“I just remembered that today I am wearing my Broad Trent Bridge 2015 T shirt,” writes Andrew Cosgrove. “You know the one, it starts .4lbW24W and goes on from there. It would be great if that Stuart Broad turned up now.”
Yes, not a morning I’ll ever forget and a t-shirt that I’m sure we’re going to see in the crowd at Ashes Tests for many, many years.
6th over: India 9-0 (Rohit 9, Gill 0) Shot! That’s the second time Broad has given Rohit something to drive and the second time he’s been put away, this time through cover. He’s back in his preferred channel thereafter, the opener leaving very close to his off stump.
“Woakes must be pretty as that can be the only reason for taking him on a tour as his average outside England is over 60,” Iain Noble says of the seamer yet to play on this tour. “That’s his bowling average.”
Sure. But horses for courses (i.e. pink ball), after the summer he enjoyed at home in 2020, he had a decent enough claim this week.
“This is Kumar from Winnipeg!” Lovely to have you back in my inbox. “Hope you had a safe trip back home! From your expert position, do you think this pitch is two paced or uneven? The way the ball hit the pad for Zak Crawley’s wicket when the previous delivery at the same spot and missed the edge must mean something right? Anyways! Love having back test cricket after a week off!!”
Looks like a pretty good track to me. The criticism last week at Chennai was that it was exploding on the first morning, making it so unpredictable. There was none of that when India were bowling.
The players are back on the field. A lovely looking Indian night, with the sky dark and the lights, thousands of them, beaming down from the roof of the new stadium. Broad to Rohit it will be. PLAY!
A good point from Kris Lilley. “Where was the fancy rear stump camera for the Gill ‘dismissal’ that was used for Leach’s dismissal? Seems odd that they wouldn’t have a look at that angle rather than just using one angle.”
I was waiting to see this on the post-review replays but we didn’t really get any further angles from the broadcaster once it was decided, just a slow-mo version of what the third umpire reviewed.
One last note before we return to the action, from none other than Jim Wallace – nominated for the SJA cricket journalist of the year!
“Welcome home Adam!” Thank you, Jim. “With the daffs creeping out and some hardy souls walking around with their jackets unbuttoned it feels like the changing of the seasons are upon us. I always associate transitional weather with Nick Drake, summer slipping into Autumn or Winter thawing into spring. England’s collapse this morning certainly fits the mournful and melancholic music of Drake. The lyrics to ‘Pink Moon’ though might provide some solace. Anderson and Broad together again, under lights with a point to prove and a match to grapple from the gloom…. ‘Pink Moon is gonna get ye all.’ I’m backing them to do something special and salvage the day for England. Hell, if Jimmy snares a five-fer I’ll be tempted to sling Nick Drake away and stick on some PINK ‘Get the party started’. I’ve got it lined up…”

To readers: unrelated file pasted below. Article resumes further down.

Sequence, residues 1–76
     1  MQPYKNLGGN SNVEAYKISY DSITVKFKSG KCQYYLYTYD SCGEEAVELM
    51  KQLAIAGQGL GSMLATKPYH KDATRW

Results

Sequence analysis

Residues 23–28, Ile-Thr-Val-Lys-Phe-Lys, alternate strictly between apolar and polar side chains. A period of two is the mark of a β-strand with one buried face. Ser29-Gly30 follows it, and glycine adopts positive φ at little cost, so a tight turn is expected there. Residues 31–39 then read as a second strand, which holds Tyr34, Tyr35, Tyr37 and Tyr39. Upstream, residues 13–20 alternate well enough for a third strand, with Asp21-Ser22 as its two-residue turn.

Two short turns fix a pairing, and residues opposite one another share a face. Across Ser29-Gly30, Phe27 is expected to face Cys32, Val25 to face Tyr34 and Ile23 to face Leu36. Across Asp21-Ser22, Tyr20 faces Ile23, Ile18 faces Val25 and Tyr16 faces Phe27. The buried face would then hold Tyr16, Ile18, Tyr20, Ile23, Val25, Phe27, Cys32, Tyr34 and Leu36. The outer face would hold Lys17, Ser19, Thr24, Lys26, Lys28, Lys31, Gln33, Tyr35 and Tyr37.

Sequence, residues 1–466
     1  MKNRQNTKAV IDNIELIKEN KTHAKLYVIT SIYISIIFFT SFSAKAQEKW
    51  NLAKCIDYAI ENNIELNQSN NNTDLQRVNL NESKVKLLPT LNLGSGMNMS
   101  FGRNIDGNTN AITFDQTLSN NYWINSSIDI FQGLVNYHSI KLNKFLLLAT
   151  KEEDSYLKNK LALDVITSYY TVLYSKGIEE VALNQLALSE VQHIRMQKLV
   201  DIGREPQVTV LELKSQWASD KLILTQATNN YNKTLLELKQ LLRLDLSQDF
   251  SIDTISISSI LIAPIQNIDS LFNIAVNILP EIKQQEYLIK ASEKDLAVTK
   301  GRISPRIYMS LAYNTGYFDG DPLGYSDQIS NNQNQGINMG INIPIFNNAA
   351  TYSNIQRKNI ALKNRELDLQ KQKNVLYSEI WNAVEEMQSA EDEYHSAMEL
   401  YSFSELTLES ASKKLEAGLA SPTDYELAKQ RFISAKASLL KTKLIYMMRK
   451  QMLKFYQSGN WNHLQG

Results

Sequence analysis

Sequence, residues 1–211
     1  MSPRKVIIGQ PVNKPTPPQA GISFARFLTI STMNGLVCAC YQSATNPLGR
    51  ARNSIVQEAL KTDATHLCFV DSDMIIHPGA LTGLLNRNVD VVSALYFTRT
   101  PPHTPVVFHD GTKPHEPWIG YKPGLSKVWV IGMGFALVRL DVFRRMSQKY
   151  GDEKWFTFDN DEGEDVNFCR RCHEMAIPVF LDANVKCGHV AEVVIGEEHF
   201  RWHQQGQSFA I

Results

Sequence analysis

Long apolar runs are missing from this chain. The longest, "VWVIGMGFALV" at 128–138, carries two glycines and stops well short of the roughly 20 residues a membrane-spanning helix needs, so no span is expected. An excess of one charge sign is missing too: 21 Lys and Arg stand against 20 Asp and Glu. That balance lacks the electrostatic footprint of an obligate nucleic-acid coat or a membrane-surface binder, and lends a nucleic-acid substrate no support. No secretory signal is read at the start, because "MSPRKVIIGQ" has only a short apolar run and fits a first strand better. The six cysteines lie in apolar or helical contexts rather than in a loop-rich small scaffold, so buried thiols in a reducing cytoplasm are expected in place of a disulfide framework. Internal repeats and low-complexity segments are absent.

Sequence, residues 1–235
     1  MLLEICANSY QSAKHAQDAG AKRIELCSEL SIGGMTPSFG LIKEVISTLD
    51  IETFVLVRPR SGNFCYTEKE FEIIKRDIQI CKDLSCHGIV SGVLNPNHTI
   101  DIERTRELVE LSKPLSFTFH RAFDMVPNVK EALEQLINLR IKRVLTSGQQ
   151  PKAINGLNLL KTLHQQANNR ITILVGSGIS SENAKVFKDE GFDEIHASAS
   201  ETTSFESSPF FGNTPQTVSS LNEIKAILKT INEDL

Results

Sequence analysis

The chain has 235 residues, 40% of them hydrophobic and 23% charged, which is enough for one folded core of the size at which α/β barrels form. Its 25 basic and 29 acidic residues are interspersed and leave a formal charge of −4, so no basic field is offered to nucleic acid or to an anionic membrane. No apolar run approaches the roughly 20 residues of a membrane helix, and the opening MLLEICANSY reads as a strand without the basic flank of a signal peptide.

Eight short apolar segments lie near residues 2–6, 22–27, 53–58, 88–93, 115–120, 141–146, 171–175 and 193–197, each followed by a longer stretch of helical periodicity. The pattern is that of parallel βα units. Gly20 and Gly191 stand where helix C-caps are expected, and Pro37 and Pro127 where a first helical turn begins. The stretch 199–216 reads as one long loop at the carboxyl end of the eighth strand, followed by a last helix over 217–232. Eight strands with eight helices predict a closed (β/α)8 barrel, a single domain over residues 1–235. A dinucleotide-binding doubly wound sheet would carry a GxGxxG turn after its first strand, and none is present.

Saw it written and I saw it say
Pink moon is on its way
And none of you stand so tall
Pink moon gonna get ye all
And it’s a pink moon
Hey it’s a pink moon
“Afternoon Adam.” Hi, Andrew Cosgrove. “The replays certainly looked as though the ball hit the grass, and yes, the third umpire didn’t really take very long to consider the verdict, but last time the cricket was on Channel 4 they comprehensively showed that the foreshortening effect of television cameras means that it can look like a clean catch has hit the grass. The fact that it was on Channel 4 shows how long we’ve been aware of this problem, but we’re still going to the third umpire to adjudicate these things. Having said that, given what the third umpire got to see, I can’t see he could come to any other decision. So where does that leave us? Were there no other angles to show it?”
Yep, and this highlights the big difference between DRS for leg before and the TV umpire looking at catches. I suppose my perspective is that if you train up some specialist TV umpires who only do this – in a bunker in the UAE somewhere, perhaps as part of a team rather than one person – you get the least worst outcome?
John Starbuck is with me: “Yes, specialist TV umpires would be better, and subject to fewer excoriations than on-field officials. But we all know there are times when a fielder ‘knows’ it’s a clean catch, just as many batsmen believe they hit it (lbw) or missed (catch). Human observation being what it is, a technically-assisted view is more likely to succeed.”
That’s how Stokes reacted, as though he knew he has a finger under it. There’s no way to credibly account for gut feeling, though.